Revelations from the Republican Debate

On Tuesday evening I listened to the Republican candidates’ debate on economic issues hosted by the Fox Business network and the Wall Street Journal – two bastions of conservative economic ideology.

It felt rather strange to briefly enter the conservative bubble with the moderators giving tacit approval to the candidates’ views during the debate and the hosts applauding them for their views in the personal interviews afterward.

If one accepts the candidates’ premises (which in my view are quite erroneous), their proposed fixes to the economy look very sound.

Just lower taxes and magically create more employment and prosperity for all (hooray!).

Keep wages low and America can successfully compete with China and other countries (paying only $1 a day?).

Expel 11 million undocumented immigrants and build a wall to keep them out to solve … well basically, all of America’s economic and social ills!

Talk tough to Putin, flex some military muscle, and your opponents will back down (sure they will; nothing could go wrong there).

To me it all sounds alarmingly crazy.

Ted Cruz’ interview afterward was perhaps the most illuminating. He divided the field of Republican candidates into two categories – the remaining large number of ‘moderate’ candidates, as he called them, and the diminishing number of truly ‘conservative’ candidates like himself. I suppose that within the Republican feedback loop that might seem an accurate description. But that is certainly not the way many others see it.

As it happens, I had just a few hours earlier listened to a recent interview with the noted leftist linguist, philosopher, social justice activist, and political commentator Noam Chomsky. Here is a transcription from that interview as he described the current gamut of political positions in American politics:

The spectrum is broad, but in an odd sense. The spectrum is basically from center to extreme right – extreme right – way off the spectrum.

The Republican Party about 20 years ago basically abandoned any pretense of being a normal political party. …What happened is that the party – during the whole neo-liberal period [actually] both parties – shifted to the right … and the Republicans just went off the spectrum.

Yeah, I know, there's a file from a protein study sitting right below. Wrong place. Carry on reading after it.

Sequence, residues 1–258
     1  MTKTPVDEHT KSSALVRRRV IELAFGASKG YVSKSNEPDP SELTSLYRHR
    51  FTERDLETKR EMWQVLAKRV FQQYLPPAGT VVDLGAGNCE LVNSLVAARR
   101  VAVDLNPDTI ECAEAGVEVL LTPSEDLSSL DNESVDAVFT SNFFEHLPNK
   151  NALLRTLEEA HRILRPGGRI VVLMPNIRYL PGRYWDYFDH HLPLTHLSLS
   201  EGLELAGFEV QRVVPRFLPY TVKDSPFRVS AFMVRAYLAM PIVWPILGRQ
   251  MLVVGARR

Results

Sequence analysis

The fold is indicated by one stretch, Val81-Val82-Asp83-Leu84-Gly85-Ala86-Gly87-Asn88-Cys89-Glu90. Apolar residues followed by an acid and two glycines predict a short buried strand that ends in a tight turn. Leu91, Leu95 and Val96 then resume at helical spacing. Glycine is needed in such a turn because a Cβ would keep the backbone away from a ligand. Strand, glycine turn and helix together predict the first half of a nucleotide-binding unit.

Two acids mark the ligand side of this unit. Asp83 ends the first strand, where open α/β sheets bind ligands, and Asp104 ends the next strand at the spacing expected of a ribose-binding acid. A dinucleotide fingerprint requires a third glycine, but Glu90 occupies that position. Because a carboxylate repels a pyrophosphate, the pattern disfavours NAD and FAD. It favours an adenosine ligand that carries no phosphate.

They became so dedicated to the interests of the extreme wealthy and powerful that they couldn’t get votes. So they had to turn to other constituencies which were there but were never politically mobilized: the Christian evangelicals, nativists [who] were are afraid that ‘they’ are taking our country away from us, people who are so terrified that they carry a gun into the coffee shop – and that’s their base essentially.

He went on to say that

The Democrats have shifted to the right as well. Today’s mainstream Democrats are pretty much what you used to call moderate Republicans.

Dwight_D._Eisenhower,_official_photo_portrait,_May_29,_1959Chomsky then paraphrased Eisenhower’s famous statement in a letter to his brother Edgar in 1954,

Should any political party attempt to abolish social security, unemployment insurance, and eliminate labor laws and farm programs, you would not hear of that party again in our political history. There is a tiny splinter group, of course, that believes you can do these things. … Their number is negligible and they are stupid.

Chomsky continued,

Well by now [Eisenhower’s position] is a left-wing program – basically Bernie Sanders’ program. … So the spectrum is – it’s true that it’s broad – but in a very strange sense.

While this is the view of a noted leftist, it echoes the consensus of a broad range of recent academic scholarship on American political history [detailed my previous post, The Demise of Moderate Republicans]. Chomsky’s language may be a bit sharper than others, but he forms the same conclusion.
By their measure and historically speaking, Barack Obama occupies a space slightly to the right of Eisenhower and Nixon.
And Bernie Sanders – the “radical socialist” from Vermont – is the sole remaining advocate of the kind of liberal New Deal programs that for more than a generation defined the standard for American economic and social policy.

In contrast, the small but determined insurgent “New Right” of the Goldwater campaign which lost so badly in 1964 finally triumphed in 1980 with the election of their chosen candidate Ronald Reagan. Reagan subsequently became the “patron saint” and standard bearer for the New Right.

However, after George H. W. Bush and George W. Bush disappointed conservatives in not carrying forward Reagan’s economic policies strongly enough, the new “New Right” has pushed the ideological standard far beyond that of Reagan.

Emboldened by right-wing talk radio hosts and Fox News commentators and under the guise of opposing Obama’s “left-wing” policies (really?), this new insurgency backed nativist Tea Party candidates espousing much more radical views in the 2010 midterm elections. They have also supported a large field of extremist candidates in both the 2012 and 2016 primaries. This is where, in Chomsky’s words, the Republican Party “went off the spectrum.” These are some of the same extremist candidates that the staunch traditional conservative John McCain called “wacko birds” in 2013.

Heaven help us if any of these candidates win the presidency in 2016.

Photo credits: Associated Press; Reuters/Gary Cameron; Reuters/Jorge Dan; AP/Andrew Harnik

About politspectator
Edward Clayton grew up in the US but has lived in Canada for the last 4 decades. He is a long time peace activist and committed to issues of social justice and good government. He reports on Canadian, American, and global politics from a Canadian perspective.

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